A pathway to non-belligerency: make life in Gaza better

JCRC Scene
Matt Goldberg

Whenever there is a war between Israel and the Palestinians, there are no winners or losers, only victims. This latest round was no different.
Prior to this last round of fighting, there had been an understanding between Hamas, the terrorist group that controls Gaza, and Israel: Hamas, or another terror organization, fires a rocket at a Jewish community near Gaza, causing no damage, and Israel responds by attacking a Hamas outpost, which usually has already been abandoned.
But during this last round, Hamas fired a rocket at Jerusalem, upsetting this balance.
Why Hamas escalated the violence (evictions in Sheikh Jarrah, provocations at the Al Aksa Mosque, internal Palestinian politics) is irrelevant. Hamas knew, or should have known, that this was a major escalation, and that Israel would respond in kind.
After two weeks of vicious fighting, nothing has really changed. Israel has (rightly, in my opinion) decided against a full-scale invasion of Gaza that would completely defeat Hamas. Hamas remains in power, although they sustained significant damage. Perhaps, as some analysts say, Hamas has been deterred enough to defer any escalation for a while, but this just means that the countdown to the next inconclusive battle is extended a bit. Make no mistake, that countdown began when the cease-fire took effect.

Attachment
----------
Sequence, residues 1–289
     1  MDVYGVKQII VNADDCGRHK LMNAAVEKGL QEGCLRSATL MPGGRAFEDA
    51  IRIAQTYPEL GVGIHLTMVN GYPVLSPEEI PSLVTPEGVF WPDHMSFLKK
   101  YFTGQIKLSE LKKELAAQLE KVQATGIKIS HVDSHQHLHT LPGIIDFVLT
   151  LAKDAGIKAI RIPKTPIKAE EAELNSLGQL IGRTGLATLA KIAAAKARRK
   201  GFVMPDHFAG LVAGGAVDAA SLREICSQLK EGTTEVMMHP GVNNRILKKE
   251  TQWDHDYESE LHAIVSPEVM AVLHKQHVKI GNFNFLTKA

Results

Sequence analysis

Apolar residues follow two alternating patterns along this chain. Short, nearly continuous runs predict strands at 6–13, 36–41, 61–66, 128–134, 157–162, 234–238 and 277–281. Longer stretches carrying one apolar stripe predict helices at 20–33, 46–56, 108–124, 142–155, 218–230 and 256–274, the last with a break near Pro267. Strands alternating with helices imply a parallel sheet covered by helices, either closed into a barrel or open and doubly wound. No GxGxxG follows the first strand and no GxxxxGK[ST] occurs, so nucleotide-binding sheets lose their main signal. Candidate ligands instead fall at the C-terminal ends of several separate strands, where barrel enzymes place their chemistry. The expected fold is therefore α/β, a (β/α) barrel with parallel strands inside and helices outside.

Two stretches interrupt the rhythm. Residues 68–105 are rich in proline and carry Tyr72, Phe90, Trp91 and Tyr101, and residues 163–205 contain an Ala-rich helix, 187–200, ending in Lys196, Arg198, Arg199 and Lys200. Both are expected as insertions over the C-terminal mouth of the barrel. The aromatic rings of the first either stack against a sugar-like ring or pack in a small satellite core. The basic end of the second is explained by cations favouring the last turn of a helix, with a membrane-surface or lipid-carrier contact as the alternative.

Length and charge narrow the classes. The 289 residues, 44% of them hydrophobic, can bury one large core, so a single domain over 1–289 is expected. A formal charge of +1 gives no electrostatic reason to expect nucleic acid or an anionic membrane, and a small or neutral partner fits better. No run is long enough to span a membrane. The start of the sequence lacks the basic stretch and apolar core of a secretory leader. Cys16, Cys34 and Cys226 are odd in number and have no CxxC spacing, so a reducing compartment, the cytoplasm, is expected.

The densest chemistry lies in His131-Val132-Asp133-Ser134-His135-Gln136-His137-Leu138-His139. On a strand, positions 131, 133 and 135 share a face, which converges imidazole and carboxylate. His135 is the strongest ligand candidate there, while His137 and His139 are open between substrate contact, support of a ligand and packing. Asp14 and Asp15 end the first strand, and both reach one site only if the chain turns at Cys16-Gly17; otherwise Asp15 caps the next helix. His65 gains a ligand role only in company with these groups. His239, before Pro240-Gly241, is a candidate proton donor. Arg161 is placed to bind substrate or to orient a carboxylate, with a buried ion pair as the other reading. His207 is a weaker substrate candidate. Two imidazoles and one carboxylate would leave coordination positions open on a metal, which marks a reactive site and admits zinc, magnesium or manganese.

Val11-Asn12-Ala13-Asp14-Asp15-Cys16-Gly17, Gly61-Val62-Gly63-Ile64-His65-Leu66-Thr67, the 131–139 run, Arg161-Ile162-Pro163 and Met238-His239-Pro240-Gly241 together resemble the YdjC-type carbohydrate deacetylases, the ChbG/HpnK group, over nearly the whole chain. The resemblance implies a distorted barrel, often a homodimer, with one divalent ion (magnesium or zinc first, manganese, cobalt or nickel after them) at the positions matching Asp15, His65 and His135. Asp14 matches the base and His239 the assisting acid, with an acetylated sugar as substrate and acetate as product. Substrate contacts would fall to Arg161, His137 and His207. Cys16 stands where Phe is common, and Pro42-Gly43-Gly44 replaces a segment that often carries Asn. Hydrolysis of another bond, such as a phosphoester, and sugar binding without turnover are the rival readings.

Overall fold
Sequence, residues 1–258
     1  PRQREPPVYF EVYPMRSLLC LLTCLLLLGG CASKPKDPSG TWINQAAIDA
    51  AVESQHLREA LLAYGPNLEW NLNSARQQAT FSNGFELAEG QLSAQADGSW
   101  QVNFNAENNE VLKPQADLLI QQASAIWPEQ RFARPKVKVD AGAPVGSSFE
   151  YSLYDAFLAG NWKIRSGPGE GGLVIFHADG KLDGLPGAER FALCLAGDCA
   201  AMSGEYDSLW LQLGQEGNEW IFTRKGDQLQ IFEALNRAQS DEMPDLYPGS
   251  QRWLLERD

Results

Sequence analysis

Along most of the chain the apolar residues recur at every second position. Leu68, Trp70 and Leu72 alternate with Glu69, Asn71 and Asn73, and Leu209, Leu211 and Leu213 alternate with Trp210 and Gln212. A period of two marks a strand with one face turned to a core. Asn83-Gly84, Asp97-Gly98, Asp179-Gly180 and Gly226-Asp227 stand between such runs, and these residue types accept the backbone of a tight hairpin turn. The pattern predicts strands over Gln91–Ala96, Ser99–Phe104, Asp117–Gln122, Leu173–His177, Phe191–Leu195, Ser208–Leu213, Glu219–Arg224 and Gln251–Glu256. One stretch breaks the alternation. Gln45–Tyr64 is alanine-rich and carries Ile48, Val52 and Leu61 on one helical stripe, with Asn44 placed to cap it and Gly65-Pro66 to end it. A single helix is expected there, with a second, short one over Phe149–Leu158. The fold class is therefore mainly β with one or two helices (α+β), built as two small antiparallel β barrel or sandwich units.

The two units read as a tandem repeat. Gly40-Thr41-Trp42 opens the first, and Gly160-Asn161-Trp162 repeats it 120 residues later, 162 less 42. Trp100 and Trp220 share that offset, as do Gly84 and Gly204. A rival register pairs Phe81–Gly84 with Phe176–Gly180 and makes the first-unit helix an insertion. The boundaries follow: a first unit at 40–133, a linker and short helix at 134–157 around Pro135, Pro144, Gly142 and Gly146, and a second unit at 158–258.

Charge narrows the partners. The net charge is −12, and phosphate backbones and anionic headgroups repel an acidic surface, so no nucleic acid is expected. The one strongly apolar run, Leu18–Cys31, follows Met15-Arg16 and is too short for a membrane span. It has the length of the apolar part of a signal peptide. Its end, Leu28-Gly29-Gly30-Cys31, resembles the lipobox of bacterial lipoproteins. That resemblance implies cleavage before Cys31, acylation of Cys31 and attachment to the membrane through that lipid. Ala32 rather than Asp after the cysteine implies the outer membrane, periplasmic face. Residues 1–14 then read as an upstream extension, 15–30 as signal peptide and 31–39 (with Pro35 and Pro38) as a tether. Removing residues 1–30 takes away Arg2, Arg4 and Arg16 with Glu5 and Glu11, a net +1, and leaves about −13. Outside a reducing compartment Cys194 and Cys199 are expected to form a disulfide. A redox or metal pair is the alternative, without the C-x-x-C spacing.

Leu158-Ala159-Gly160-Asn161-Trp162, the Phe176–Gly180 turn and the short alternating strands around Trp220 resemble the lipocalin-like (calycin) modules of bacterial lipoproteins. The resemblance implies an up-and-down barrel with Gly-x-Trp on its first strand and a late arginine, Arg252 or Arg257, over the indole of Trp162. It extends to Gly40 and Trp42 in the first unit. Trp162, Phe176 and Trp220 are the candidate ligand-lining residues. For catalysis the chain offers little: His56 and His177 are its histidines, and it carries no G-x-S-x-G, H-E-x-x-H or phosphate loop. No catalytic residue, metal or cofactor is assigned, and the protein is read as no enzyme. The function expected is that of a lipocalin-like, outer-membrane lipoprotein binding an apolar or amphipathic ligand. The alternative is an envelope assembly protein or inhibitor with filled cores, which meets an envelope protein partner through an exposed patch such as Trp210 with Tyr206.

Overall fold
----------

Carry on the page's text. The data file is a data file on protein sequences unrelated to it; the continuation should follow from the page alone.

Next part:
Meanwhile, Palestinian and Israeli civilians are left to recover.
Hamas is guilty of many awful things. They launch these deadly rockets indiscriminately at innocent civilians. They cynically store their military hardware in civilian areas, including schools, hospitals and mosques. They are obviously commandeering humanitarian aid they receive to repurpose for military purposes.
I find arguments to lift the current blockade of Gaza unconvincing, though the people there are suffering, and Israel should permit humanitarian relief to reach them and make real improvements in their everyday lives.
Israel should implement plans that have been talked about for years, like assisting with water management and electricity. They should work with other countries for a supervised port. They should significantly increase the number of Gazans allowed to work in Israel and allow many more Gazans treatment there for complicated medical situations. And they should certainly be assisting all Palestinians in managing COVID.
Don’t expect Gazans to become Zionists if these ideas are realized, but there might be some pause created the next time Hamas thinks about firing rockets at civilians.
These gestures will not lead to peace; they won’t substitute for negotiations. Israel and the Palestinians must address outstanding issues together – settlements, Jerusalem, borders, etc. What transpired these last two weeks in Israel should be a stark reminder that the status quo is unsustainable. However, for many reasons, real negotiations do not look like they will happen soon. But if Israel can work with international partners to make real improvements in the lives of Gazans, perhaps the next Hamas-Israel war will not happen.

(Matt Goldberg is director of the Jewish Community Relations Council.)

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